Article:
CANMORE – Are they cryptic messages, distant galaxies, or alien creatures?
They are all of the above and none. Canmore artist Michael Wachter's debut exhibit Omniarc Ink is open to each individual's own interpretation of the “psychedelic inkblots.”
“It’s interactive," said Wachter. "People get to see what they want in each piece. There are no wrong answers. What you see is what you see – it’s a bit like a Rorschach test on purpose.
“I don’t want my artwork to have to mean anything. Whatever someone sees tells more about them than it does about the image.”
Wachter is a jack-of-all-trades when it comes to the creative arts. He has worked in photography, painting, woodworking, and metalwork. His most recent work, which makes up the Omniarc Ink exhibit, features alcohol ink-based paintings.
He starts each project with a single word pulled from a jar, and builds a theme around that word. For example, if he selected a word related to nature, he might go for a hike and find inspiration from a bird’s feather.
Using what he finds as inspiration, he applies the ink through a screen, randomizing the way the ink is applied to the canvass. Once the ink is applied, rather than waiting for it to dry, Wachter then uses fire or direct heat to evaporate off the alcohol. From there, he takes a picture, then mirrors the image in photoshop creating the final piece of artwork.
“Most of what I do is experimentation. The goal is to make something beautiful or creates a feeling within another person. There is never a clear path as to how I get there.”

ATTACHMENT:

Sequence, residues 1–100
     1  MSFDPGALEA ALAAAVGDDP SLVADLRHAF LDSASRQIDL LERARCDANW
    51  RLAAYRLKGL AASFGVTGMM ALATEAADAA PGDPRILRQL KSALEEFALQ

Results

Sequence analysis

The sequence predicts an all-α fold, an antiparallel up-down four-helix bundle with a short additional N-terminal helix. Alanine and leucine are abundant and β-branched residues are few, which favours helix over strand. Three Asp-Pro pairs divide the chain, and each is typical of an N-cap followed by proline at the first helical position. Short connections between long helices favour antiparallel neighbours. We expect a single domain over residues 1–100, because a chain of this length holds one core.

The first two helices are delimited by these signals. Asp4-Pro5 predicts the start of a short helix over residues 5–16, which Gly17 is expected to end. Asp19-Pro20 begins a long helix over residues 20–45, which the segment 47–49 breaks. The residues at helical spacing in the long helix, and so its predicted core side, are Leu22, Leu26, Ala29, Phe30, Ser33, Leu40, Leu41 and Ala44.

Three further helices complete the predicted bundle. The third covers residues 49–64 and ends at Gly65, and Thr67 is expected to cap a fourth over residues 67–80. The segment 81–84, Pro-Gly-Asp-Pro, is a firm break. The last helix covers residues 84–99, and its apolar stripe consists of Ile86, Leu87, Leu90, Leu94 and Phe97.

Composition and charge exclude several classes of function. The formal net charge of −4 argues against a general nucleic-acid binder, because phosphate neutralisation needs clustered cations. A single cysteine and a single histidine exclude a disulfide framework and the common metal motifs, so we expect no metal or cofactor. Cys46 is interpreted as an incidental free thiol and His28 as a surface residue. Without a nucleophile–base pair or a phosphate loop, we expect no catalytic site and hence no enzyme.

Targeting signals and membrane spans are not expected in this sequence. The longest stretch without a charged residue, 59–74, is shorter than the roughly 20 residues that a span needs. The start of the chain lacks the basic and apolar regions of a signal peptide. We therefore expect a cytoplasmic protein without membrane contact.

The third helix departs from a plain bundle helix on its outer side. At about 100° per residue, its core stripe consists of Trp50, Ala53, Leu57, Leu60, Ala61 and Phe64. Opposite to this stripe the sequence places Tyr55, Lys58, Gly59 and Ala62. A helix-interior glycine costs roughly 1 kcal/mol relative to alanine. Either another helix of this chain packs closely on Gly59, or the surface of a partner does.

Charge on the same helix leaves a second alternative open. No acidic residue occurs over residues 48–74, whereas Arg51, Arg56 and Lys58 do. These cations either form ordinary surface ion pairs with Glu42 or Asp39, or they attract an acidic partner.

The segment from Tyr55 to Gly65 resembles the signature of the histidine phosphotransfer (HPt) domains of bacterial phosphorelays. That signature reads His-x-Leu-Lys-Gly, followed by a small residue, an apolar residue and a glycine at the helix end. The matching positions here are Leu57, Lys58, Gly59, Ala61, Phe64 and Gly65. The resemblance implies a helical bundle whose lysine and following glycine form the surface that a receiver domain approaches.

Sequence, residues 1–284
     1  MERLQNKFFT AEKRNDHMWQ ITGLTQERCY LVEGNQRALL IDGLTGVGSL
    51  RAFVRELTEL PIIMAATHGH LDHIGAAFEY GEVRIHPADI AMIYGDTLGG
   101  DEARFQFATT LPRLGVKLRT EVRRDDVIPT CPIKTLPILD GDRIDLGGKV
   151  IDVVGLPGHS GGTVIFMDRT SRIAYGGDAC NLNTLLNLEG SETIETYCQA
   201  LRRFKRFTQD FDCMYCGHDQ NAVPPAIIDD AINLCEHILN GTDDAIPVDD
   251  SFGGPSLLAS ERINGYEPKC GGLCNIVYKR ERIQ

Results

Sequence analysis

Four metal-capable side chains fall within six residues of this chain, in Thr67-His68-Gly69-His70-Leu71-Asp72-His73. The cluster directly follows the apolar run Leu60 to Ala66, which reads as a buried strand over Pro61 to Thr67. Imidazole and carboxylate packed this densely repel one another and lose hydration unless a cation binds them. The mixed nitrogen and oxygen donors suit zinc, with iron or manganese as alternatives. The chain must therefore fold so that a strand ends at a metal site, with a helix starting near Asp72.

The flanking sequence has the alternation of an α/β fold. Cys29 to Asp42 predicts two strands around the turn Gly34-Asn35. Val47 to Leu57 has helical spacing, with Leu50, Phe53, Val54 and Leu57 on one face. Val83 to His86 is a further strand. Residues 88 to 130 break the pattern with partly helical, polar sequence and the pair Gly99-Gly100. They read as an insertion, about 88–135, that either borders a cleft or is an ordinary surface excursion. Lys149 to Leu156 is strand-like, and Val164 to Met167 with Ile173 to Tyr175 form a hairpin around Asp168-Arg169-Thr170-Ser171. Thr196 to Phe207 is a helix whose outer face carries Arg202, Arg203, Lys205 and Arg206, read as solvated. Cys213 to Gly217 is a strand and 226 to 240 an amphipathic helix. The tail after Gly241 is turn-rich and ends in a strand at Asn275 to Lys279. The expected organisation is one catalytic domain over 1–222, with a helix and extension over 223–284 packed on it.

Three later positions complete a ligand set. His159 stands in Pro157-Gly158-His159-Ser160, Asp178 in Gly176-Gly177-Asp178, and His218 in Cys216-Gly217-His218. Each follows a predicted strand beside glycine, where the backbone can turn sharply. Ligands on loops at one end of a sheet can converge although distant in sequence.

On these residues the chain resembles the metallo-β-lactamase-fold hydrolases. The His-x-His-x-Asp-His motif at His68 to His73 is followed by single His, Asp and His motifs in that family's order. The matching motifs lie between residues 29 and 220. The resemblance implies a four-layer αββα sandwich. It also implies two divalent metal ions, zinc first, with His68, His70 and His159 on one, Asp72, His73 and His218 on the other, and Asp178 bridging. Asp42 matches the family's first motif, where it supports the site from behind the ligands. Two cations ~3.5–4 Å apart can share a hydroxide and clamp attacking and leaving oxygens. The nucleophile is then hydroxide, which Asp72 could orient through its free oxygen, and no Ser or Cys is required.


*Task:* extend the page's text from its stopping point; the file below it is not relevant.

Wachter first started working on the project more than 18 months ago when he failed to sell a large printer. He salvaged what he could and first started working with the expensive printer ink, developing the unique technique.
“I needed to get rid of this printer, but I still wanted to do something creative with it. Just throwing something away is a waste.”
Wachter said over time he learned how to work with the ink. He learned how it moved, how it heated up and dried to create different patterns and how to use leaves to create impressions. After becoming so involved in the project, he said he finally hit a wall after a few months.
“I get these spells of inspiration and motivation, and just go, go, go. And then I sort of burn out at the end,” said Wachter.
About eight months later, Wachter picked up where he left off and started working on the project again, and will now exhibit his work at Studio Saljo beginning Saturday (Oct. 17).
The art studio is Canmore’s newest. It has had a rollercoaster ride of a first-year, opening on Jan. 25, then shutting down due to the pandemic and reopening in late May. Co-founder Trevor Jones is thrilled to exhibit Wachter’s work.
“He’s a super rad dude and his work is super unique,” said Jones. “It was a no brainer to have a show for Michael at our gallery.”
The primary focus of the gallery is to showcase up-and-coming local and Canadian artists who may not have had a chance at hosting a solo show yet.
“I want to help artists. When I was in school, I did the hustle of trying to get into galleries and I know the struggle of it,” Jones said. “To have someone show interest in your work and want to host a solo show is a huge step for any emerging artist.”
Wachter’s exhibit will be the second show at Studio Saljo since reopening. Jones said the goal of the space is to have a show every six to eight weeks.
As a jewelry designer himself, Jones’ work and an assortment of handmade jewelry crafted by an array of Canadian designers will also be on display at the gallery.
The opening reception on Saturday starts at 6 p.m. and guests are asked to RSVP at Trevorjones@saljo.ca.